Ray Abrams (animator)

Ray Abrams (April 19, 1906 — June 4, 1981) was an American animator and director. Abrams worked on several major animations during the 1930s. He began his career as an animator at MGM Studios, Walter Lantz Productions and Hanna-Barbera.Abrams was born in 1906 and was raised on a property in Salt Leke City, Utah. He worked in various animations during the 1930s, he began his career as an animator and director of MGM Studios, Walter Lantz Productions and Hanna-Barbera. Around 1948, Abrams joined MGM, where he was an animator of What Price Fleadom (1948).

Between 1953 and 1955, he worked briefly in the studio of Walter Lantz Productions, "Woody Woodpecker" and "Chilly Willy".

Spawn of the North

Spawn of the North is a 1938 American adventure film about rival fishermen in Alaska starring George Raft and featuring Henry Fonda, Dorothy Lamour, Akim Tamiroff and John Barrymore. The picture was directed by Henry Hathaway.

The House I Live In (1945 film)

The House I Live In is a ten-minute short film written by Albert Maltz, produced by Frank Ross and Mervyn LeRoy, and starring Frank Sinatra. Made to oppose anti-Semitism at the end of World War II, it received an Honorary Academy Award and a special Golden Globe Award in 1946.

In 2007, this film was selected for preservation in the United States National Film Registry by the Library of Congress as being "culturally, historically, or aesthetically significant".

Thomas Armat

Thomas J. Armat (October 25, 1866 – September 30, 1948) was an American mechanic and inventor, a pioneer of cinema best known through the co-invention of the Edison Vitascope.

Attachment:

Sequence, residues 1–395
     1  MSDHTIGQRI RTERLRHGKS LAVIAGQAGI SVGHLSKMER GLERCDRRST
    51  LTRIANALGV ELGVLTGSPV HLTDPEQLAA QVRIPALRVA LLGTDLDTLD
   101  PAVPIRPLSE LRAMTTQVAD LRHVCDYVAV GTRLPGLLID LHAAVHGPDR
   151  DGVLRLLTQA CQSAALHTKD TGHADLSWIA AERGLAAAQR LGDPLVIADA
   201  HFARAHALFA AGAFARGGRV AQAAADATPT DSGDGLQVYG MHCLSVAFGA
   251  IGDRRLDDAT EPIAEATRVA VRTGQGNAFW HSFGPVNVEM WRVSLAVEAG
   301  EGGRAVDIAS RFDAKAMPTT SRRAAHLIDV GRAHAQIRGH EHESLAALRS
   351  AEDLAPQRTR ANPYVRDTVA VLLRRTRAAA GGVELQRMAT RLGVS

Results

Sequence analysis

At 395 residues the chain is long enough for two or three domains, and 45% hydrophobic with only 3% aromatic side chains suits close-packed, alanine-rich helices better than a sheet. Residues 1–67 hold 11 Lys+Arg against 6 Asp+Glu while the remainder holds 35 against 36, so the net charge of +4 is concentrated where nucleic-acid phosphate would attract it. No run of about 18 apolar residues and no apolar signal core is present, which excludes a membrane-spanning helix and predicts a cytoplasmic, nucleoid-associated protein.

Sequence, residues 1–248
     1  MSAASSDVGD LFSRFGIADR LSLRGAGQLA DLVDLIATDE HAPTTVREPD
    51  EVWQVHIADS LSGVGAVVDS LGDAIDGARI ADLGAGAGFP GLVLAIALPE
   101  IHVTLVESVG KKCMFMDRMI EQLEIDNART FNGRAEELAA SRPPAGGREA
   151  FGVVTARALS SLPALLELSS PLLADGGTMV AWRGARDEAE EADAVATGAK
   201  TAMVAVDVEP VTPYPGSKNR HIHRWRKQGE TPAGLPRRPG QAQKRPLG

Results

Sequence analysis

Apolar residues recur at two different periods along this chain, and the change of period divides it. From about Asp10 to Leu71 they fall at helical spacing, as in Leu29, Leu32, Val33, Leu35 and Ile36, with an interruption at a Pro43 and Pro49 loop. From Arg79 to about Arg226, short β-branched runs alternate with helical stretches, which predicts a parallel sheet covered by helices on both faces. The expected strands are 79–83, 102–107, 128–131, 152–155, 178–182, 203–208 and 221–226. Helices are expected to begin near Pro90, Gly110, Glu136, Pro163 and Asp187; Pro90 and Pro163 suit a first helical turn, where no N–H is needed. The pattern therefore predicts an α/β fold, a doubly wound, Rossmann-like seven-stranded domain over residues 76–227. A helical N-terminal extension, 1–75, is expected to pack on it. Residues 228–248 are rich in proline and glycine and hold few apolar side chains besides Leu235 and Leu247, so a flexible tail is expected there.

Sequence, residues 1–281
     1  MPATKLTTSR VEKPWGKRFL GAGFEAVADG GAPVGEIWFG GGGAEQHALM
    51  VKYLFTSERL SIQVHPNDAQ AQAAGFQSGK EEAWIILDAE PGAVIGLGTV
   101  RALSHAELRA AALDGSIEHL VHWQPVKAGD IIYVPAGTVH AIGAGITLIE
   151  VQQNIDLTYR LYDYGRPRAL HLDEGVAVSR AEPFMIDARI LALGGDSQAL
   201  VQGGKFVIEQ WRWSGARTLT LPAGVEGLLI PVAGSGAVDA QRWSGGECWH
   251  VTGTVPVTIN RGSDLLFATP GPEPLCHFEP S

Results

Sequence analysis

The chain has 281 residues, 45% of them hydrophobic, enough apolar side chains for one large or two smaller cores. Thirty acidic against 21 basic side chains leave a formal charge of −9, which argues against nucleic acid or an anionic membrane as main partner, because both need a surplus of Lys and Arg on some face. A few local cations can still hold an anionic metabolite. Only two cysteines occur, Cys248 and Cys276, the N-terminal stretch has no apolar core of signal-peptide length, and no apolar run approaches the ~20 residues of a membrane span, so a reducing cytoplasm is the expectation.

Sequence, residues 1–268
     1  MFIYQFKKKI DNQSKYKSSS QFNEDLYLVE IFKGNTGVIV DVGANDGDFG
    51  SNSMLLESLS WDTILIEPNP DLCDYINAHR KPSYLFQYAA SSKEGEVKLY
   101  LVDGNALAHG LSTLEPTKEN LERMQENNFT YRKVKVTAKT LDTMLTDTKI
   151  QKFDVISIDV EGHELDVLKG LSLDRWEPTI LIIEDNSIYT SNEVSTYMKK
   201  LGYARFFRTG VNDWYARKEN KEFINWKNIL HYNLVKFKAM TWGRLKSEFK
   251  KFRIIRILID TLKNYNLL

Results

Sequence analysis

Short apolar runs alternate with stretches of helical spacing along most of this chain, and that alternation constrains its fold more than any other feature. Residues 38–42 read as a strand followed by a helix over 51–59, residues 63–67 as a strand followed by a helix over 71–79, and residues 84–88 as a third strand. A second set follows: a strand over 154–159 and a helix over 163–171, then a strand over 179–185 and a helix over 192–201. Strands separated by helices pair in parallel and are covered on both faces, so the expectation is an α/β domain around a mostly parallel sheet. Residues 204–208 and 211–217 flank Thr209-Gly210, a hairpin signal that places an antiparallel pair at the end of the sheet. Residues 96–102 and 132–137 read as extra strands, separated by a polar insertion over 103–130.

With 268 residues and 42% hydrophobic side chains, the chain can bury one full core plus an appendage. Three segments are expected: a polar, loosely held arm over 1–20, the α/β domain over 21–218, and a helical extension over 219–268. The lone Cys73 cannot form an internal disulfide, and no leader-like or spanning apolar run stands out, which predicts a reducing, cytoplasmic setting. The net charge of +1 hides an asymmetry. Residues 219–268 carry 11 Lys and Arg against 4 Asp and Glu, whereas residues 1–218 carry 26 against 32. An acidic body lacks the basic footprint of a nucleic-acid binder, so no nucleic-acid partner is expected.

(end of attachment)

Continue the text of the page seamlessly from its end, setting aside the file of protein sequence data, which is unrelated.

W. Howard Greene

William Howard Greene (August 16, 1895, River Point, Rhode Island - February 28, 1956, Los Angeles, California) was an American cinematographer.

William Garity

William E. "Bill" Garity (April 2, 1899 – September 16, 1971) was an American inventor and audio engineer who attended the Pratt Institute before going to work for Lee De Forest around 1921. Garity worked with DeForest on the Phonofilm sound-on-film system until 1927, when Pat Powers hired Garity to develop a sound system that Powers called Powers Cinephone.

Garity is best known for his employment at Walt Disney Studios, which used the Cinephone system in the late 1920s and early 30s. In 1937, also at the Disney Studios, Garity developed the multiplane camera. Ub Iwerks, having left Disney to work at his own studio, developed an unrelated multiplane camera, during this same time period.In 1940, Garity developed Fantasound, an early stereophonic surround sound system for Disney's Fantasia. After leaving the Disney studio, Garity later became vice president and production manager for Walter Lantz Productions. He was inducted in the Disney Legends program in 1999.

Y. Frank Freeman

Young Frank Freeman (14 December 1890 – 6 February 1969) was an American film company executive for Paramount Pictures. Freeman was born in Greenville, Georgia, and graduated from the Georgia Institute of Technology in 1910. In addition to his work with Paramount, he also worked in the fields of banking, higher education, and athletics.He was the first winner of the Jean Hersholt Humanitarian Award in 1957. He was awarded a star on the Hollywood Walk of Fame on February 8, 1960. He died in California and was buried at Westview Cemetery in Atlanta.

1928–1950
1951–1975
1976–2000
2001–present

This page is based on a Wikipedia article written by authors (here).
Text is available under the CC BY-SA 3.0 license; additional terms may apply.
Images, videos and audio are available under their respective licenses.